Florida lawmakers have introduced a bipartisan bill that will make animal cruelty a felony nationwide. The measure, sponsored by Democratic Rep. Ted Deutsch and Republican Rep. Vern Buchanan, targets “crushing, burning, drowning, suffocating, and impaling,” animals notes Carly Sitzer, writing for GreenMatters.
If the law passes, anyone using these acts of violence against an animal will face up to seven years in prison.
It’s called the Preventing Animal Cruelty and Torture (PACT) Act
In an interview with the Orlando Sentinel, Buchanan had this to say:
“The torture of innocent animals is abhorrent and should be punished to the fullest extent of the law,” he says.
Deutsch says the effort is “commonsense bipartisan legislation to bring some compassion to our animal laws.” Both congressmen say that while there have been other bills in past years that address animal abuse on both the state and federal level, they haven’t been comprehensive enough. Including a 2010 law intended to punish those who create videos that show animal torture.
The PACT Act takes a bigger bite out of crime
“We’ve acted in the past to stop the horrific trend of animal abuse videos,” Deutsch says. “Now it’s time to make the underlying acts of cruelty a crime as well.”
In 2010, Congress passed the Animal Crush Video Prohibition Act, and President Barack Obama signed it into law. The Act banned the production and distribution of crush videos, The Animal Welfare Institute reports.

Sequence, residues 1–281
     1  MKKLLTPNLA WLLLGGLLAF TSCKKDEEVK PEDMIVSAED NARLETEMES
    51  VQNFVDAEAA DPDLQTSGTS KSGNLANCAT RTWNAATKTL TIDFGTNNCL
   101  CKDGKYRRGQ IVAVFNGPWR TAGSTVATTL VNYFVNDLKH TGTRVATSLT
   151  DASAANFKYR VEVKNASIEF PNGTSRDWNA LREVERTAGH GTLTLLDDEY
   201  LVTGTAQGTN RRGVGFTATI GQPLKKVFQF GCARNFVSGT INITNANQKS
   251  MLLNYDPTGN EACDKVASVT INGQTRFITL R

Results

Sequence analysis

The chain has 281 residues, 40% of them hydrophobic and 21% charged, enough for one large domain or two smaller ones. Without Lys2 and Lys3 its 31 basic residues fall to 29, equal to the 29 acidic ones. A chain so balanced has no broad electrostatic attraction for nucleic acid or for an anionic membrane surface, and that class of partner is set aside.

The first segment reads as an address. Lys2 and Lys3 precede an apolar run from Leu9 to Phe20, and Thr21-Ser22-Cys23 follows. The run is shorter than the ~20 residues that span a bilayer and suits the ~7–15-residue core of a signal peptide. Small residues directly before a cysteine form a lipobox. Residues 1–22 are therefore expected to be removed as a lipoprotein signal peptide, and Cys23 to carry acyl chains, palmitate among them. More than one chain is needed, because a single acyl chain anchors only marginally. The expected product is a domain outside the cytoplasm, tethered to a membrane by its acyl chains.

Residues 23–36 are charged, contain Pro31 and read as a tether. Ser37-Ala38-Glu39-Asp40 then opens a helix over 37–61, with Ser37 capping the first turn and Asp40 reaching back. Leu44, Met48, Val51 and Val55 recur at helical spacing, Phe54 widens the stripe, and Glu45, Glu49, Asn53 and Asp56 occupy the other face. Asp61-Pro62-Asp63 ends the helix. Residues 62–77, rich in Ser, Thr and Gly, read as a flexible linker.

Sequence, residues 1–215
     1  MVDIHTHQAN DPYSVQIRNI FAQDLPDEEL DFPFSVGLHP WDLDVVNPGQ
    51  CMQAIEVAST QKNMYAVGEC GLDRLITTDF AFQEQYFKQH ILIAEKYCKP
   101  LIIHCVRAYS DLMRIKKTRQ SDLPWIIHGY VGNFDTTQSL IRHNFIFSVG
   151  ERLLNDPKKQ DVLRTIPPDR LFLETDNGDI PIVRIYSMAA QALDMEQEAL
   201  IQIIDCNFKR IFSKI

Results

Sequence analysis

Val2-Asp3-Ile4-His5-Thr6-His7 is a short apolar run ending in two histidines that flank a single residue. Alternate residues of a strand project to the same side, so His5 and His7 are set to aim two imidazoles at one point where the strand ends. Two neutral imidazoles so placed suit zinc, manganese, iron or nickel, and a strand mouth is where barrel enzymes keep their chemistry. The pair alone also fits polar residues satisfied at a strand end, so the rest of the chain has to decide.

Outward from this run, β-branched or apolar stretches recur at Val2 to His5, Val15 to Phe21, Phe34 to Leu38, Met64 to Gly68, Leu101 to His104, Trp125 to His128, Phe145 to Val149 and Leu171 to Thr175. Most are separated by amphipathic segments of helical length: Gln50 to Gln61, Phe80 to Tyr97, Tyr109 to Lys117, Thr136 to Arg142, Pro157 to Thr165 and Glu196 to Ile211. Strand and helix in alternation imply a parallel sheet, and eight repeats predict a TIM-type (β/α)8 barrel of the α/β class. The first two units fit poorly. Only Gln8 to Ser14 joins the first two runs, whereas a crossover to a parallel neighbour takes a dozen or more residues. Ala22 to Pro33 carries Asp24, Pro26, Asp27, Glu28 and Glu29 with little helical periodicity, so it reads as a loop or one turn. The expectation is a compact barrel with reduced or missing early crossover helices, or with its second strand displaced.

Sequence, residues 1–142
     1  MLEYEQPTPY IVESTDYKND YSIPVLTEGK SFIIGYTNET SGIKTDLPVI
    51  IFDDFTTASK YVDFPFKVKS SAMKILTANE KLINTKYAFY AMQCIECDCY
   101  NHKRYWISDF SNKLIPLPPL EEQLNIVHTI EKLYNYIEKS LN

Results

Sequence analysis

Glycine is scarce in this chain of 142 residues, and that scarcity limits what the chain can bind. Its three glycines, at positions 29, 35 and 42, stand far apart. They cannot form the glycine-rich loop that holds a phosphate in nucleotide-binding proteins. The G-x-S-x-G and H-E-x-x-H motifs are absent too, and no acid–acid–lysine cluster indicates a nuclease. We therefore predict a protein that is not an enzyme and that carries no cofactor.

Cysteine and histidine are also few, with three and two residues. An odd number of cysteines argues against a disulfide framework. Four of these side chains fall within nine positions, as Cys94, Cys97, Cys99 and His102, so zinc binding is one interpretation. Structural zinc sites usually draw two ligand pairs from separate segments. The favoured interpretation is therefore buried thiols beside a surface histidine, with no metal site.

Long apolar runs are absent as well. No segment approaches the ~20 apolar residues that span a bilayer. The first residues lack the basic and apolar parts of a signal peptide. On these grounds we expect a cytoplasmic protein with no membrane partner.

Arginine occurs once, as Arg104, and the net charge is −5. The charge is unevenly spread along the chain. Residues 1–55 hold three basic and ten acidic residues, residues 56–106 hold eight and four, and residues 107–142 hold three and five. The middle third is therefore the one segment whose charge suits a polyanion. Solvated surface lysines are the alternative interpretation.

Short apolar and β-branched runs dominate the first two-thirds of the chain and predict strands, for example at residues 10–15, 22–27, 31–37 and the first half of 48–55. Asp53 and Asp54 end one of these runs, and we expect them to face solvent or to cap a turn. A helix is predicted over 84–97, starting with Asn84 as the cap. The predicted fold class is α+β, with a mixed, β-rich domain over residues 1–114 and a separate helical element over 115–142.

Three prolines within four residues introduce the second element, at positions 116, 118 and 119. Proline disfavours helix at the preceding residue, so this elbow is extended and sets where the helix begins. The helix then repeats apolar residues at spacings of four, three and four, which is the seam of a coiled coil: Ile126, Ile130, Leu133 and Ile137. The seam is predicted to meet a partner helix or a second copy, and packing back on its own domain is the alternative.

Often, evil and sick humans victimize animals in such videos — torturing, mutilating, and killing them to satisfy some sick fetish. Fortunately, the PACT Act fills in the loopholes and actually protects everyone involved.
The PACT Act didn’t happen without a fight
The U.S. Senate passed the PACT Act unanimously on two separate occasions and earned more than 200 endorsements from law enforcement during Congress’s previous session. However, the House blocked the bill from reaching the floor by former Judiciary Chairman Bob Goodlatte — who is fortunately no longer serving in Congress.
It has the support of the Humane Society
The hope is that this new law will close any loopholes leftover from previous legislation. Sara Amundson, who’s president of the Humane Society’s Legislative Fund is confident the bill will pass this time and will likely reduce other types of crime as well.
“Decades ago, the Federal Bureau of Investigation recognized the seriousness of animal cruelty and its link to escalating violence towards humans,” she says.
The bill makes some exceptions for normal veterinary care, hunting and in cases where an animal poses a serious threat to a person’s life or property.
If you’d like to advocate for this bill, the Humane Society has created a template that you can fill out here. This gives you the chance to contact your representative to make your feelings known.
This video from WPTV News offers more information.